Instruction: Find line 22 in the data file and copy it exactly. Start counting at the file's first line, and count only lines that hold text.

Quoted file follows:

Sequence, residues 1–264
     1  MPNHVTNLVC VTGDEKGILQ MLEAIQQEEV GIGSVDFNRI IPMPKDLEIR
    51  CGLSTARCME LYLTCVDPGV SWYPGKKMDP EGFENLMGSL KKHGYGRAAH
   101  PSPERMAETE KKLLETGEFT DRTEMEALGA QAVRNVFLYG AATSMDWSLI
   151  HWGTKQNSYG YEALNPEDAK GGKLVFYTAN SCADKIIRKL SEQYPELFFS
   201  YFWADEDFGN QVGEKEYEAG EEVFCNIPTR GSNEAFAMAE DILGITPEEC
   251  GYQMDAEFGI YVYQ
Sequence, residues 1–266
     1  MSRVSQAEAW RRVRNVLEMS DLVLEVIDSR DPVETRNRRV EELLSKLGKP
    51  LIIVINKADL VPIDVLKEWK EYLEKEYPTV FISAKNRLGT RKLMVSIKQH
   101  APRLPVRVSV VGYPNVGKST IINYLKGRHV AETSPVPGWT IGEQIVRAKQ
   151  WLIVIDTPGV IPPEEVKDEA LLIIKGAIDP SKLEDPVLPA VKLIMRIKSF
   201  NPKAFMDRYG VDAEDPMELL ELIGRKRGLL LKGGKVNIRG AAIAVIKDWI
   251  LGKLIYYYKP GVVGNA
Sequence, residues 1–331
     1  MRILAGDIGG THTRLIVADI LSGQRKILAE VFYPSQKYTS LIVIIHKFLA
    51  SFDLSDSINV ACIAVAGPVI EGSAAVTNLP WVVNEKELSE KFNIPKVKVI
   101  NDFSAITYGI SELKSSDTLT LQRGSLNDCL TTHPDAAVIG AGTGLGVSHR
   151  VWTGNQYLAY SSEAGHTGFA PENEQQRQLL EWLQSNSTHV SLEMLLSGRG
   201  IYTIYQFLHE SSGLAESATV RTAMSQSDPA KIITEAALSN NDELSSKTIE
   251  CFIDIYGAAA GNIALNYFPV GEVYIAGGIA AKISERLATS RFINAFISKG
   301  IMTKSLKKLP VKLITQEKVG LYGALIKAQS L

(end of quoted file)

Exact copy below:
   301  IMTKSLKKLP VKLITQEKVG LYGALIKAQS L